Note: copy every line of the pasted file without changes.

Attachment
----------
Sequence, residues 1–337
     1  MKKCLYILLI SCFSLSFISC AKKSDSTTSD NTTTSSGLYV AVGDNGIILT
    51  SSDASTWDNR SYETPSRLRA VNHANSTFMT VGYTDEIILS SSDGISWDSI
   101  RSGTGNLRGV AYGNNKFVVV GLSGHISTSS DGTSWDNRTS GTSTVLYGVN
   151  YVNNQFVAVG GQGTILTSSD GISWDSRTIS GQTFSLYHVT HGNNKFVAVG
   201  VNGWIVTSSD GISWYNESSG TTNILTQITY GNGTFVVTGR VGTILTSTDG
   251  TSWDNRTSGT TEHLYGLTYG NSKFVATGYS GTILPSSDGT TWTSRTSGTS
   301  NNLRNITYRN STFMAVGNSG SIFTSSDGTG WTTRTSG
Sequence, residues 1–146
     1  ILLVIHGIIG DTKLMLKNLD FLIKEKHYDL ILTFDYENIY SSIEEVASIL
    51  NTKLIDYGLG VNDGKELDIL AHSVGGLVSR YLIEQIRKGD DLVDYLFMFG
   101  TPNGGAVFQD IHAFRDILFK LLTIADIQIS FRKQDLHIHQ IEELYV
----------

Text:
Sequence, residues 1–337
     1  MKKCLYILLI SCFSLSFISC AKKSDSTTSD NTTTSSGLYV AVGDNGIILT
    51  SSDASTWDNR SYETPSRLRA VNHANSTFMT VGYTDEIILS SSDGISWDSI
   101  RSGTGNLRGV AYGNNKFVVV GLSGHISTSS DGTSWDNRTS GTSTVLYGVN
   151  YVNNQFVAVG GQGTILTSSD GISWDSRTIS GQTFSLYHVT HGNNKFVAVG
   201  VNGWIVTSSD GISWYNESSG TTNILTQITY GNGTFVVTGR VGTILTSTDG
   251  TSWDNRTSGT TEHLYGLTYG NSKFVATGYS GTILPSSDGT TWTSRTSGTS
   301  NNLRNITYRN STFMAVGNSG SIFTSSDGTG WTTRTSG
Sequence, residues 1–146
     1  ILLVIHGIIG DTKLMLKNLD FLIKEKHYDL ILTFDYENIY SSIEEVASIL
    51  NTKLIDYGLG VNDGKELDIL AHSVGGLVSR YLIEQIRKGD DLVDYLFMFG
   101  TPNGGAVFQD IHAFRDILFK LLTIADIQIS FRKQDLHIHQ IEELYV